Open Europe Blog

David Cameron has taken a very tough position on the EU budget surcharge, claiming that he “won’t pay” the £1.7bn the Commission has demanded from the UK by December 1 after concluding the UK had been underpaying into the budget relative to the size of its economy. Other countries have also been hit – so how much support does Cameron have around Europe?

These changes which again are due to recalibration in the way the size of economies are calculated (more on this later) are being tagged on to the annual “adjustment” to the EU budget, which is basically normal procedure.

However, this also means that EU leaders will have to agree to an “amending budget” via a decision taken by Qualified Majority Voting. This also means that the UK might have some chance of “blocking” the change if it can get other allies on board.

Below is the voting balance, if all “net losers” are clubbed together under QMV. 

EU member states’ voting weights: 93 votes needed for a blocking minority
However, not all the other member states affected have been as firm as Cameron. The Dutch have appeared to soften their stance with Dutch Finance Minister Jeroen Dijsselbloem stating on Dutch TV yesterday that the Netherlands would pay its €642m surcharge “if the facts and figures are correct”. Irish Taoiseach Enda Kenny said his Government will pay the additional bill, adding that “we have always abided by the rules”, while Maltese Prime Minister Joseph Muscat claimed that:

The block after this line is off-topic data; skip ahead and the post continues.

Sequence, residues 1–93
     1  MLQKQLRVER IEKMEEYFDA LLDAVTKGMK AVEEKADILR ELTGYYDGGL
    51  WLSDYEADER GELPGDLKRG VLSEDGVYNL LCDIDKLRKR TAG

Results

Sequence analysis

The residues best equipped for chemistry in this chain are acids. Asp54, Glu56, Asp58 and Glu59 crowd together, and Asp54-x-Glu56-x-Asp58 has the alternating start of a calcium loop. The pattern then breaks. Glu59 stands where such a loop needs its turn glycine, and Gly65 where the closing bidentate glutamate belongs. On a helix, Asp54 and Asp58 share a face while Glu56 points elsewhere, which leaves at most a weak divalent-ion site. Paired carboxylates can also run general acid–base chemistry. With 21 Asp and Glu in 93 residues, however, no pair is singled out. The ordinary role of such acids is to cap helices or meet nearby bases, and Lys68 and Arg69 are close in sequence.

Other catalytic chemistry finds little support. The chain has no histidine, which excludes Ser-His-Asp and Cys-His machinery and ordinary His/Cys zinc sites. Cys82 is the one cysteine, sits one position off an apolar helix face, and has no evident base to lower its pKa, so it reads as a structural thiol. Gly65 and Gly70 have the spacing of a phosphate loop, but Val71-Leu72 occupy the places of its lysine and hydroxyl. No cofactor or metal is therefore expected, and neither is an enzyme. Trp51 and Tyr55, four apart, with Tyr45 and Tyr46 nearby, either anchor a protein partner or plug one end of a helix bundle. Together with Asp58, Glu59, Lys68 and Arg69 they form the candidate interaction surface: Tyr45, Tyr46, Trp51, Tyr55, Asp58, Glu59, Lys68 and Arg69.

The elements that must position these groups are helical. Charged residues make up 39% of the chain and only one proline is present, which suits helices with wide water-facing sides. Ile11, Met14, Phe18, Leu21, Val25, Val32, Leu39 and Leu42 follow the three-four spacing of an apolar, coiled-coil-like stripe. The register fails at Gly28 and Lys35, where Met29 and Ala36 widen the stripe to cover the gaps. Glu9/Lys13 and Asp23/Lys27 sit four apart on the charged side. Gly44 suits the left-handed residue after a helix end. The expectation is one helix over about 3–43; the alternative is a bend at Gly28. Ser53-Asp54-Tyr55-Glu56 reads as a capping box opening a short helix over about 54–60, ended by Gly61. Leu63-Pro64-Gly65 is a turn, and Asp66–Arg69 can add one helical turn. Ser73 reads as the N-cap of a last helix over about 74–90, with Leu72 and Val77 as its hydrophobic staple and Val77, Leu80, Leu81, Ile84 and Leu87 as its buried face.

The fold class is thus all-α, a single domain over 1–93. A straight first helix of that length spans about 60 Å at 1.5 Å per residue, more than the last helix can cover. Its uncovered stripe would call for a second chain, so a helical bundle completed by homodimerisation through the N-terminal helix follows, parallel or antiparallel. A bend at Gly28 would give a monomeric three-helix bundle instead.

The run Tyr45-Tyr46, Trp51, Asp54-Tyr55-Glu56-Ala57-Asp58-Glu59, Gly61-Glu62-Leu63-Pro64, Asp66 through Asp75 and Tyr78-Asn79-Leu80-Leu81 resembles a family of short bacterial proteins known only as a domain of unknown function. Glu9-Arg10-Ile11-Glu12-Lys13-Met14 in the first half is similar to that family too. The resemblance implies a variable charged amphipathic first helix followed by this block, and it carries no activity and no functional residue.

“Malta is not surprised that the EU has asked for this top-up… but we are still seeking clarifications on how the [Commission] calculated this figure”. 

Italian Europe Minister Sandro Gozi said that:

“An in-depth examination is needed… we will see whether it will be really necessary to apply the new method to calculate [national] contributions. In any case, this doesn’t imply an immediate payment.”

So hardly an endorsement of the UK’s tough position, but there may be enough support for a delay or some alternative arrangement such as paying the surcharges in installments. Meanwhile, Cameron did at least get some support from an unexpected source… France (which has received a €1bn rebate). The Telegraph cites former French Europe Minister Pierre Lellouche as saying that:

“I think it’s ludicrous to actually go and punish the one country that has suffered the reform. The results are showing up now – the unemployment rate has gone down to half what it is in France. The growth rate is four times what it is in France – and we go and punish the British? It’s madness”. 

Sadly for Cameron, Lellouche won’t have a vote.

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